So, I continue to write, edit, rewrite and drive myself mad with trying to create something that is, in my mind, not perfection, but the very best I can do. After all, isn’t that what we should do … our very best?

Katie x

Any tips or suggesstions for getting through over the last hurdle?

The Audio Book

I am now a modern woman. I have an App and it is called Audible.

I have precisely one book in my Audible library and of the twelve hours of listening that is required before I can pronounce I have finished it, I have completed just one hour, thirty-five minutes and a smattering of seconds.

Presumably, I can only imagine that because the book is about various women, it is therefore being read by a number of women, one of whom has a rather irritating voice. Nasal, whiny, like a cat in a fight. I don’t enjoy her chapters very much and thus far she has read a lot of them.

The issue I have is one of multi-tasking. I had imagined that I could walk around New York listening to my book whilst running a few errands, window shopping, picking up the groceries. No. It simply doesn’t work like that.

I find myself walking aimlessly in the wrong direction clutching at my ears trying to stop the earplugs from falling out, yet again; I stand, endlessly staring into shop windows, seeing nothing, just listening to the story; I gaze at displays of fruit for so long that I am asked by random strangers if I need help; and all the while I am trying to concentrate on a book, a plot, numerous different characters and all delivered by a nasal, whiny voice.

Perhaps I should persevere. Perhaps I should revert to a physical book with lovely pages to touch and feel. Perhaps I am simply too long in the tooth for this audiobook malarkey. And yet, when I heard of people who by June had already read fifty books that year (were they showing off?) I question how on earth they managed this. Do they too have audiobooks and spend their days plugged into their phones, whilst simultaneously running their multinational conglomerates? Or do they read through the night with a torch under the duvet?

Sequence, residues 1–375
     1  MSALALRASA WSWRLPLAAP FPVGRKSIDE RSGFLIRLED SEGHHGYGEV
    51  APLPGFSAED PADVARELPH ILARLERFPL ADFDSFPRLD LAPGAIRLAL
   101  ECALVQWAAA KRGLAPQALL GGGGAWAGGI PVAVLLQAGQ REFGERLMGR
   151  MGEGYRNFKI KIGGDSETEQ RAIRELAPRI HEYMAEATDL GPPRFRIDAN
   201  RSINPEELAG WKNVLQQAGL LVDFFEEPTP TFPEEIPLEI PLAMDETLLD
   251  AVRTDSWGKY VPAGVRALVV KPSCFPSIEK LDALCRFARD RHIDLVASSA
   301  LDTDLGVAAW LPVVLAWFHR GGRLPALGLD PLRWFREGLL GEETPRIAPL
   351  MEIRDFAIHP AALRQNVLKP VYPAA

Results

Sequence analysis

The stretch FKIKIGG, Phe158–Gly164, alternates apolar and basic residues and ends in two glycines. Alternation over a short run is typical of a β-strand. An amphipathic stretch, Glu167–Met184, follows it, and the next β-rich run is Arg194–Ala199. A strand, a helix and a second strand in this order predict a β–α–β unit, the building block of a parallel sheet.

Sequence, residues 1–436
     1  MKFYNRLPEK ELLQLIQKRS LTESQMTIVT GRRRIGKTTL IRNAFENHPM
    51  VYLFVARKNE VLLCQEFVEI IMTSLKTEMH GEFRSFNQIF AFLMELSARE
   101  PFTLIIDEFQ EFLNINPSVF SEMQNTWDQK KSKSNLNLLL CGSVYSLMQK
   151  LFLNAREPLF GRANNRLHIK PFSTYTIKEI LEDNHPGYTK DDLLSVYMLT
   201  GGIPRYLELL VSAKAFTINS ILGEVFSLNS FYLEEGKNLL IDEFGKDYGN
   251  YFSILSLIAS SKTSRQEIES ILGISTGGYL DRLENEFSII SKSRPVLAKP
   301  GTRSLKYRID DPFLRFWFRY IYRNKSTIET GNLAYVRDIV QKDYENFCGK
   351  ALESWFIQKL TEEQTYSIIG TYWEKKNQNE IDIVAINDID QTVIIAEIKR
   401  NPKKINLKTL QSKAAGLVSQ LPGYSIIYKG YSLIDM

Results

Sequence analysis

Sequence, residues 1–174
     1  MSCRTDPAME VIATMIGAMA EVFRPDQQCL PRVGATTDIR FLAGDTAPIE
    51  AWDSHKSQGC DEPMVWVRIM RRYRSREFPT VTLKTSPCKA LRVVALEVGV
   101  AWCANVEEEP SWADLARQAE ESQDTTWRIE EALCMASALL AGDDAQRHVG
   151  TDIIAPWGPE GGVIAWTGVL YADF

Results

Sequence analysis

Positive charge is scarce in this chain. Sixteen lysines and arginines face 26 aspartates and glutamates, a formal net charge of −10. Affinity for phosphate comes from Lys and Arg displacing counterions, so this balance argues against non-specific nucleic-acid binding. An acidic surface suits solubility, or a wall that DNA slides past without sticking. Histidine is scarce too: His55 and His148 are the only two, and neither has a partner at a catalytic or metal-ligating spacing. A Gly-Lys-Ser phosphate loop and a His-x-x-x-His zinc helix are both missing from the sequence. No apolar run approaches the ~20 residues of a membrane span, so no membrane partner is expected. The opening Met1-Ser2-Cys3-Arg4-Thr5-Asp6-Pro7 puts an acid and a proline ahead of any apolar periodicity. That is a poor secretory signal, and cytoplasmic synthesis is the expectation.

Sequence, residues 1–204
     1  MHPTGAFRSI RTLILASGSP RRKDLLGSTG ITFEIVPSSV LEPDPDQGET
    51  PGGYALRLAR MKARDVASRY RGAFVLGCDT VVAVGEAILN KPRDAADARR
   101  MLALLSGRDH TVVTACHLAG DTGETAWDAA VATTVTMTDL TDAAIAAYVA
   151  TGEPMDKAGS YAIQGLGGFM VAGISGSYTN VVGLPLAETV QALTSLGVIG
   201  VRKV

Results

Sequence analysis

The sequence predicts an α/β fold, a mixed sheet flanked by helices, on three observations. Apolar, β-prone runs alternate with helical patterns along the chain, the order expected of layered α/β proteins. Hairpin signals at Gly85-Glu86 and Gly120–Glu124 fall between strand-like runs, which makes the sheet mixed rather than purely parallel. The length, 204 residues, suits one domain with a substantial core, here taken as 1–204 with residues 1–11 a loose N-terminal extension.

I shall, for the time being, persevere. And if I reach the stage whereby I want to bludgeon the nasal voice to death, I shall revert to a proper book with proper paper pages. I shall hide with it late at night under the bedcovers, with a torch and its undoubtedly dying battery, just like I used to as a child. After all, isn’t that what normal people do?

Katie x

Do you use audiobooks? How? When? Where?

”Oh, The Places You’ll Go!”

(The last book by Dr Seuss)

To travel and to explore surely encourages one’s mind to expand and to stretch out the personal boundaries of one’s self. I’d like to think so.

It has been several weeks since I moved to New York and I fear I have neglected any writing both on WordPress but also on the book. So after a metaphorical whipping I am back on the sofa tap, tapping my fingers and urging the grey matter to shake off the cobwebs. Ah, but I sit here and there is such a view, so I simply gaze and gaze.

We are high up in a building where light floods in through floor to ceiling windows giving views to the west and north. The Hudson River is a constant moving body of water with boats and cruise ships travelling up and down. Beyond the river, cars and trucks can be seen in miniature over in New Jersey and below, people rush around doing their daily business; all busy, all with purpose. Fire trucks and ambulances scream their sirens every few minutes; horns are blaring, there is shouting, laughing, arguing. A glimpse of the green trees of Central Park gives a little respite to the hard angular surroundings. The buildings, the glass, the steel, the concrete, the brick; the beautiful, the ugly, the noise, the chaos. And I gaze and gaze ….